Let’s Look at the Numbers

I thought it would be fun to post some info-graphic type data from my training, which began on October 31st — the day I decided I’d run a half marathon.

Number of days trained: 149

Coldest temperature I ran in:-5 (not including the windchill that day)

Number of times I was caught without a port-a-potty and became good friends with mother nature: 4 (including once on that -5 degree day)

Number of runs during training: 58

Times I felt like quitting: 3

Times I felt invincible: 55

I have run 279 miles, or just over the width of the state of Wisconsin.


I have run 4010 minutes (67 hours), or just about 3 and a half Harry Potter movie marathons.


I have burned approximately 44,416 calories, or about the caloric value of 15 large cheese pizzas.


I am still really nervous about the hills on this course. My average time with some hills is about 13:45. Max time for the course is 3 hours and 30 minutes (16 min mile pace), so I am going to really push to not burn out and keep an even 14 minute pace for my whole race. Walks and runs seem to be my best method, taking my mile time from 14 min a mile to 12:45 on flat terrain.

Deep breaths. Relax. You can do this. You’re a rockstar. You trained for this.

One Week Away

Well, it’s official. I am one week away from running the half marathon that inspired me to start this blog that I so rarely write in anymore. I am a mix of excited and nervous. I know I’ve trained. I know I can do the distance. I’ve just hit that point now where I am anxious to actually get on the course and just… go. I’m afraid I’ll be disappointed in my time, but I am also excited to see what I can do. Everyone keeps telling me the point is to go and have fun. Yes, it indeed is. But I also want to kick on serious booty on the course. Well, kick serious booty for me, that is.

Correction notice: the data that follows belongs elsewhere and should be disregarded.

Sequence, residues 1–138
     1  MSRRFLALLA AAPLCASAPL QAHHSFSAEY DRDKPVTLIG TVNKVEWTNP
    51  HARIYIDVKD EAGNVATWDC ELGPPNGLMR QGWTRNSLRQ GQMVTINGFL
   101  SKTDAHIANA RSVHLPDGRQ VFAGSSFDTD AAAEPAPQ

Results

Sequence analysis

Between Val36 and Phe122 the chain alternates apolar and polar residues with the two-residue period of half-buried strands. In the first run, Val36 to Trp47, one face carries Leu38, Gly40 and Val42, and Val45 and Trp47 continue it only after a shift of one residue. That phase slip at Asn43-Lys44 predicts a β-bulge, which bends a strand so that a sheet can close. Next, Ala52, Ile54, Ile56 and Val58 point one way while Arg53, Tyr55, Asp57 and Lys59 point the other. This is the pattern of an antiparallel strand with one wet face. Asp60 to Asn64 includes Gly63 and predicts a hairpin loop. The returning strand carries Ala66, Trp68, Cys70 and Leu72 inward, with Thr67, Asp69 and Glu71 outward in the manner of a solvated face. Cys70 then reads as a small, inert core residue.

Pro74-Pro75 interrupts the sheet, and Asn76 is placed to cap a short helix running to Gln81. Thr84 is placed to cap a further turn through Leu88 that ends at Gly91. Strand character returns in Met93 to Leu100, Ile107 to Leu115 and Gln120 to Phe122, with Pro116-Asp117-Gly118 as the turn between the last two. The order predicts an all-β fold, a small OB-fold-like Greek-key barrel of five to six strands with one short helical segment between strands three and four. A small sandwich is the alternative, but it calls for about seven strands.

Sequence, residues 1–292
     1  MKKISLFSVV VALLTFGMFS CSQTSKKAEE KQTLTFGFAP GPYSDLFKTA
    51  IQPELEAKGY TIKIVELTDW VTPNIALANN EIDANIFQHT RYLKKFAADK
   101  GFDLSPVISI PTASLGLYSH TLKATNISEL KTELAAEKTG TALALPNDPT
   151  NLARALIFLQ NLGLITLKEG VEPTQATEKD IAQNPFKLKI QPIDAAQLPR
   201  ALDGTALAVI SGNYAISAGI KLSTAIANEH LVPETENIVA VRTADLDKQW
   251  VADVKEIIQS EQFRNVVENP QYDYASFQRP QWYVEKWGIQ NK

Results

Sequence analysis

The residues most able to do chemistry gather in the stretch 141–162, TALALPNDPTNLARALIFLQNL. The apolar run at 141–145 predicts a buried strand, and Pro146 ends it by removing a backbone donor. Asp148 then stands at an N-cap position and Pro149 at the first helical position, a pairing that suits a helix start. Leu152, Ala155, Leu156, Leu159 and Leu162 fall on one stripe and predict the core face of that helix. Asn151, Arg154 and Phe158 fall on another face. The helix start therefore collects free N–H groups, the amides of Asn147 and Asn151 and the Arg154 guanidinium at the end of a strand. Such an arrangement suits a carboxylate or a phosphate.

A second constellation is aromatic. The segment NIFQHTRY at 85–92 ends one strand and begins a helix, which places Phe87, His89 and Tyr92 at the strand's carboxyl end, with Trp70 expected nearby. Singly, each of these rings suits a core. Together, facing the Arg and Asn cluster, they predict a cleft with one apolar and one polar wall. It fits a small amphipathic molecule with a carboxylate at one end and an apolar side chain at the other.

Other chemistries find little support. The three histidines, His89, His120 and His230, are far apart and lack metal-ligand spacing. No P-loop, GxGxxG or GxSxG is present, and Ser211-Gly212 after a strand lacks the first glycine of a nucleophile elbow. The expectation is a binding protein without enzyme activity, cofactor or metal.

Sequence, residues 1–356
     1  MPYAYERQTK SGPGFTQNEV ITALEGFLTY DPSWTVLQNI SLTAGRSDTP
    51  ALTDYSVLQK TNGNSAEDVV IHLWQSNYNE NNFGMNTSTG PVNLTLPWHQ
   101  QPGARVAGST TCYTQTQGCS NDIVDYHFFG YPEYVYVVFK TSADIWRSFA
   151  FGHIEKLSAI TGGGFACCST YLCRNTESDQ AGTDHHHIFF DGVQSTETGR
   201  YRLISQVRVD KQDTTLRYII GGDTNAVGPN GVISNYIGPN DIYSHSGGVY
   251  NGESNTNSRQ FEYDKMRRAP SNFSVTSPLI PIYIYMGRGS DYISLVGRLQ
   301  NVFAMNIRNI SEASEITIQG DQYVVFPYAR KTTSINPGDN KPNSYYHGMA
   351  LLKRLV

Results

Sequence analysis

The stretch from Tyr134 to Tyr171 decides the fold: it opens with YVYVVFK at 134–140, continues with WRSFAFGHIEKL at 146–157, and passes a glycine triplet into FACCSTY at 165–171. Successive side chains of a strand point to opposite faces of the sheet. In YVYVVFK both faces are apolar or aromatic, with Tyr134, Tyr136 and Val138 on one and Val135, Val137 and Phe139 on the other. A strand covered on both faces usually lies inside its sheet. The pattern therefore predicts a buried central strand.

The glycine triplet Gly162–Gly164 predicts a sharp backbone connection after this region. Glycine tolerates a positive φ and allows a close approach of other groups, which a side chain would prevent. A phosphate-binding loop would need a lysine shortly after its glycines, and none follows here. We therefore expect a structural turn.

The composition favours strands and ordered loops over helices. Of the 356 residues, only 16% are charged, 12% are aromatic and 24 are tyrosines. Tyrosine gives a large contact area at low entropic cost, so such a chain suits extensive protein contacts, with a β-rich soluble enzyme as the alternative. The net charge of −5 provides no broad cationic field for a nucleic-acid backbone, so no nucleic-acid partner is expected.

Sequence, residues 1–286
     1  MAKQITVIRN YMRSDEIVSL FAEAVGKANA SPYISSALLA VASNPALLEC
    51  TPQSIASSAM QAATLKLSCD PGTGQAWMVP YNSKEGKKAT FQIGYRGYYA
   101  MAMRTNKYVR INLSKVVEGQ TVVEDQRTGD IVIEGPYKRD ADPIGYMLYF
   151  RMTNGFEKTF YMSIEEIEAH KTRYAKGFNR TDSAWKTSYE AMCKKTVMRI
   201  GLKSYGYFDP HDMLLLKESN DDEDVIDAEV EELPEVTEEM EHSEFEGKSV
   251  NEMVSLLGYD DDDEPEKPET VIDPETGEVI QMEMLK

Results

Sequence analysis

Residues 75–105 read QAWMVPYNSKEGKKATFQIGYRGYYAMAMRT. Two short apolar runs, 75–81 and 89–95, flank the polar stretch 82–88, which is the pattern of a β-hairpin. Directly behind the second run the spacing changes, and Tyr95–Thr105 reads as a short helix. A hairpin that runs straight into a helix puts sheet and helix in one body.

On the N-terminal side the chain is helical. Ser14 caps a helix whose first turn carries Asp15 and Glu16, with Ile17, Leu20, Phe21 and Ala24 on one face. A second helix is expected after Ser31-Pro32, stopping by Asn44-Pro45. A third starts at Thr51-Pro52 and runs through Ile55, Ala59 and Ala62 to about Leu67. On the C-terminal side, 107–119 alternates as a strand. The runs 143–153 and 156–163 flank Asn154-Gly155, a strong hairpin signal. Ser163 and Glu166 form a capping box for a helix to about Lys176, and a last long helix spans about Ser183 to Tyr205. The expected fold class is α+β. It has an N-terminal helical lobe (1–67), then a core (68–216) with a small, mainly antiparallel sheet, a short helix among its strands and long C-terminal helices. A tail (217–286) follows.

I watched this little peek at a part of the course and I immediately began dreading the hills – but instead of worrying about slogging the hills, I am getting excited for all the zooming down hills I will do.

I am nervous because it is in my nature
to worry about the unknown. I am also trying to be better about that. The unknown is a terrifying thing to me. As Nikki Limo says, I just want to do a good job. And as Grace Helbig says, in general, I just want to be a better human. This training and race have been big steps in my life. I’ll yammer on about that in my race recap in a week or so… But for now, I’m going to take deep breaths and walk forward into the unknown with JOY and EXCITEMENT and do my damned best to love the crap out of this race, no matter how much my anxiety is making me want to accidentally oversleep and casually just call is a vacation and not a destination race.

We’re gonna do this. And we’re gonna kick ass. Ok self? Ok.

I Don’t Know What I’m Doing


Let’s get one thing out on the table…

I don’t know what I’m doing.

I started running after hearing about the Warrior Dash in 2011. Want to know how much running I had done before signing up? Pretty sure my last sprint was in high school… in 2000… for a fitness test. And I hated it. I hated every minute of it. I logged an 18 minute mile in high school, shuffling along as best I could but running a block was a nightmare.